Behind The Post: The Luke Hope Poster
You may remember that about four-and-a-half years ago, I made this image:
By popular demand, I sought to make it available on posters and t-shirts. But I wanted to do so through proper channels, and ended up partnering with Zazzle, which had an existing licensing agreement with Lucasfilm. (They no longer do, so don’t bother looking.)
But in order to get formal permission, I had to jump through some hoops. One question that came up — and I confess I found it a bit insulting — was whether or not I could prove that I actually made this poster, and wasn’t just passing off someone else’s work as my own.
I came up with a way to prove I did the work. I had kept all the layers intact from the Photoshop file I used to create the image (much later it was turned into vector art). Using all those layers, I created an animated gif showing the steps from start to finish.
I always liked how that animated gif came out, so the point of this story is to share the process gif with you:
Couldn’t you just send them the .psd file as proof?
Posted by: Jim | February 13, 2013 12:26 PM
Yeah, that would have worked. But the psd was quite large, and as I recall I was dealing with someone who might not have known what to do with it. This was simpler.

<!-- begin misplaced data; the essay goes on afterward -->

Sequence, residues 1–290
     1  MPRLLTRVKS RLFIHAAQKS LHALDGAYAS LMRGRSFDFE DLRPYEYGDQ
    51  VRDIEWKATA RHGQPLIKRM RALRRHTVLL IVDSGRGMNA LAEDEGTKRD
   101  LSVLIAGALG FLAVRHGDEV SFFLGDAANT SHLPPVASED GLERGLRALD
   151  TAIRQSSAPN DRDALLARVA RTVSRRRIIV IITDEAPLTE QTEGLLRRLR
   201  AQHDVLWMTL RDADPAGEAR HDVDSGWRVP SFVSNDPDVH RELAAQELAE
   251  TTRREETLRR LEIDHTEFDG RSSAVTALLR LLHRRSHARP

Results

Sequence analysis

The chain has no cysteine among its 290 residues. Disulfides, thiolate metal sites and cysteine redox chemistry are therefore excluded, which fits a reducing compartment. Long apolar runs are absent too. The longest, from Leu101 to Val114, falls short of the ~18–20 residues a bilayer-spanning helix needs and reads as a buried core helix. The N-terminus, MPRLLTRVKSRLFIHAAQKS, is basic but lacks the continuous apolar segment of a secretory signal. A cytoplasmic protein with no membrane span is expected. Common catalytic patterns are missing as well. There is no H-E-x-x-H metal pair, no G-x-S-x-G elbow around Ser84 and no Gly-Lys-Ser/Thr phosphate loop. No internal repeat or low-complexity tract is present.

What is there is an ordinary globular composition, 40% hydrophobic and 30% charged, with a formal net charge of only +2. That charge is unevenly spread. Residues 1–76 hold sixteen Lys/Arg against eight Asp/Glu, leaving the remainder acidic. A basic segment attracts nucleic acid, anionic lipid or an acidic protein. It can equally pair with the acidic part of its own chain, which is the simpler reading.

Posted by: David | February 13, 2013 12:28 PM
Ah, fair enough.
Posted by: Jim | February 13, 2013 1:43 PM
Um, doesn’t this just prove that you based it on someone else’s (most likely copyrighted) photograph, without a legal license? Something that the courts have recently stated is infringing?
Posted by: Dan | February 14, 2013 7:23 PM
Yes, Dan. That’s the point. Instead of just selling posters and t-shirts with my illustration based on someone else’s copyrighted work, I talked to the rights holder, Lucasfilm, about a proper licensing arrangement. It was during this discussion with the rights holder that the animated gif was created, so they could see my work. An agreement was reached, and everyone was happy.
Posted by: David | February 14, 2013 7:50 PM
so, what did Shepard Fairey say when asked about a licensing agreement?
Posted by: Neckcns | February 15, 2013 3:13 AM
Neckens: I spoke with his people, not him directly. They were fine with it as long as my website acknowledged somewhere that I was inspired by his poster, and linked to his website.
Posted by: David | February 15, 2013 10:18 AM
is this poster being sold anymore? i would love to pick one up.
Posted by: matthew | April 19, 2013 3:42 PM